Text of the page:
Friday, December 30, 2016

Toronto Vernacular

Is there a 416 equivalent to the Vancouver Special? Sure. I call it Toronto Vernacular, and it dates back to Honest Ed’s. I don’t know what else to call our uniquely lo-fi retail aesthetic.

I read Learning From Las Vegas many years ago. My garbled, taken from memory summary is: seemingly ugly signage can communicate effectively, which means maybe it isn’t so ugly after all.

What I can say with confidence is that I’m not the only person who thinks Toronto Vernacular is meaningful:

Let’s Be Ready by The Wooden Sky and E P L P by Teenanger
Pink City by Jennifer Castle

Analog Facebooks

I finished David Sax’s book The Revenge of Analog over the holidays. I could have written the book, maybe. I don’t say that to be arrogant — I was obsessed with physidigital objects from 2011 to 2013.

I don’t think I could have written this, however:

“Tabletop gaming creates a unique social space apart from the digital world. It is the antithesis of the glossy, streaming waterfalls of information and marketing that masquerade as relationships on social networks. A Twitter conversation is nothing more than a chain reaction of highly edited quips; a Facebook friendship is more like an electronic Christmas card exchange than a real interaction; an Instagram feed captures just the shiny highlights of life.”

There are valid critiques to be made of social media. I read such critiques all the time. David Sax, you’re no JFK.

Now that I have my requisite cheap shot out of the way, some praise. Sax has a clear and easy-to-grok argument, and he does the hard work of reporting and research. There are moments of grey (digital needs analog, and vice-versa) but his thesis requires a lot of black and white. I suppose a book called Watching Atoms and Bits Make Sweet Love would be more difficult to market.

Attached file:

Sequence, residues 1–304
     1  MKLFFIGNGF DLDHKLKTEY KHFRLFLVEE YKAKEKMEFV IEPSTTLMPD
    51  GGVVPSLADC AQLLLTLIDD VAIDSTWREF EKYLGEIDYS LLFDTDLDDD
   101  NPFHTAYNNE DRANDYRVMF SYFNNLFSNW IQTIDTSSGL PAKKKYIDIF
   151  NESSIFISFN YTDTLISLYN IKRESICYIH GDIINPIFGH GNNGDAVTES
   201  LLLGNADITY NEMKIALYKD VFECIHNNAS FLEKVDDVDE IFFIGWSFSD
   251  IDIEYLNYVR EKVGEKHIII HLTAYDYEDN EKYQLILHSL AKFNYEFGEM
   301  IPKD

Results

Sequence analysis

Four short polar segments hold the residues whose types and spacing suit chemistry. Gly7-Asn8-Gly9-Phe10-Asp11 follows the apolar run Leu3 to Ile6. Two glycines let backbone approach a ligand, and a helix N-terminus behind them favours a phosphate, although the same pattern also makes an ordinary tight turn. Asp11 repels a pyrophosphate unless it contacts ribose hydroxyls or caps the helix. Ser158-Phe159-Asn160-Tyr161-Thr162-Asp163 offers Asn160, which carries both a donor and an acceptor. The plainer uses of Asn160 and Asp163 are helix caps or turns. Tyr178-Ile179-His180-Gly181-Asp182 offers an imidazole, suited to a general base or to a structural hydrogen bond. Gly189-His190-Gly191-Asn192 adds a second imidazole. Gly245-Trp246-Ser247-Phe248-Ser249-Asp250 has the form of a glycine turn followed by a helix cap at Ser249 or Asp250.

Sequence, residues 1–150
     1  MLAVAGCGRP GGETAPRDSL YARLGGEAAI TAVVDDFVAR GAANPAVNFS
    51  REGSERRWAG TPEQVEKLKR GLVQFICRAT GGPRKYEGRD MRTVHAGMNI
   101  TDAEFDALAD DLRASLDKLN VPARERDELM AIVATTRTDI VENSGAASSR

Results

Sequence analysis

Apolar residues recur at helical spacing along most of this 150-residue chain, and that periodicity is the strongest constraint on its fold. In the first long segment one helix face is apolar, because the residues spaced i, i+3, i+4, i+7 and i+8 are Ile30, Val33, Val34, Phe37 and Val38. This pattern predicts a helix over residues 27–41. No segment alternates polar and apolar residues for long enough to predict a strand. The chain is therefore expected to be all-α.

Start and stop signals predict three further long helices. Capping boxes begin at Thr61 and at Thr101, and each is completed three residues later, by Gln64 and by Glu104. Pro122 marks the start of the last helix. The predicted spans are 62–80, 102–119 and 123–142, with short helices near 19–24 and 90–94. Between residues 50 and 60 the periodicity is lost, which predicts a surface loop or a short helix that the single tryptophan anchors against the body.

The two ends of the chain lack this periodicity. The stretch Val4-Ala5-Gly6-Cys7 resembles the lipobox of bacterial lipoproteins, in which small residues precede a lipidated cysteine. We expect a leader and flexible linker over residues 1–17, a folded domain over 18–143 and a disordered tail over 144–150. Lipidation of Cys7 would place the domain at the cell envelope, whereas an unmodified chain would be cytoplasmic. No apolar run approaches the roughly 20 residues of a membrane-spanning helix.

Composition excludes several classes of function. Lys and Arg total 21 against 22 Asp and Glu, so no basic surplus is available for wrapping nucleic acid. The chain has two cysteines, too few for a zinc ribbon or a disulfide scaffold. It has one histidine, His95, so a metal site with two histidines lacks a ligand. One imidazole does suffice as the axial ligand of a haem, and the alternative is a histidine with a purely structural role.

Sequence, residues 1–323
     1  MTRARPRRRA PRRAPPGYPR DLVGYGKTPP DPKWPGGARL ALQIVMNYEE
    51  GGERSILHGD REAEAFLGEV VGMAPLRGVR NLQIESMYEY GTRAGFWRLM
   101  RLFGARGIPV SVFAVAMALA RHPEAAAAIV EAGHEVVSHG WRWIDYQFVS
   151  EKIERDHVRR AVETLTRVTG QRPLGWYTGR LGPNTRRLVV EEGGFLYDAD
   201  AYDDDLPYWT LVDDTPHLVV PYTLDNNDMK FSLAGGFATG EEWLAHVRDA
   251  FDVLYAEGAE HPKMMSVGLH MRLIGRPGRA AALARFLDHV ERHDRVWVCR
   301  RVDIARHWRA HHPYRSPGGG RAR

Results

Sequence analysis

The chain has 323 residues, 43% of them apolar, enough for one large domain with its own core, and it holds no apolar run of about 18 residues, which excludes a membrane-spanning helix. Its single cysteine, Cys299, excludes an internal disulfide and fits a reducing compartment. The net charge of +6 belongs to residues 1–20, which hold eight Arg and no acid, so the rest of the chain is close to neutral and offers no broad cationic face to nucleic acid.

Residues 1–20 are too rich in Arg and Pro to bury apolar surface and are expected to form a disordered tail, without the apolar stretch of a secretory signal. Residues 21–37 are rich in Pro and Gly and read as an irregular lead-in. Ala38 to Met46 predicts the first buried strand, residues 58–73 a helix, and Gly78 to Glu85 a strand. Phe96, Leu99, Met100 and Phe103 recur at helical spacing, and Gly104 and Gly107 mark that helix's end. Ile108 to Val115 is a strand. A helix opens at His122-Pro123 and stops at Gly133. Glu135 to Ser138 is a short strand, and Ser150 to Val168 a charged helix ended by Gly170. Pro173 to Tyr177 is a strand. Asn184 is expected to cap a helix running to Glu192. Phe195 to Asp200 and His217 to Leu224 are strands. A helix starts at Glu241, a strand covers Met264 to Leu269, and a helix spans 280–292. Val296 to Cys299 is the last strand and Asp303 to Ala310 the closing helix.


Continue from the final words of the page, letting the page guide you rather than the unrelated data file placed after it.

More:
(Want to see a far more intelligent person explore the necessary symbiosis of digital and analog? Read this review by Navneet Alang.)

Sax is a solid writer, but I almost returned Revenge of Analog to the library after sentence number four: “The place smells like hot metal, sour water, and the sweet poison tang of warm plastic.”

Writers of the world! Please don’t use Whitesnake lyrics to describe a record pressing factory.

Thankfully there isn’t much purple prose in Revenge. And I might be the problem — perhaps no one else cringed at: “This wasn’t just a bookstore opening up. It was a symbol of hope, a lone flower poking up from the spring frost after a long, brutal winter for bookstores.”

I’m grateful that Revenge introduced me to Adobe’s Kickbox and Stack’s indie magazine rando-subscription. But despite my analog sympathies, I’ve realized I’m more interested in the revenge of digital:

“Moving through the dining hall, I passed the notice boards bearing photographs of the church youth. I take a cursory glance and spot my sister’s face. I wonder if Facebook is merely digital scrapbooks. Or if the recent resurgence of scrapbooks are merely analog Facebooks.”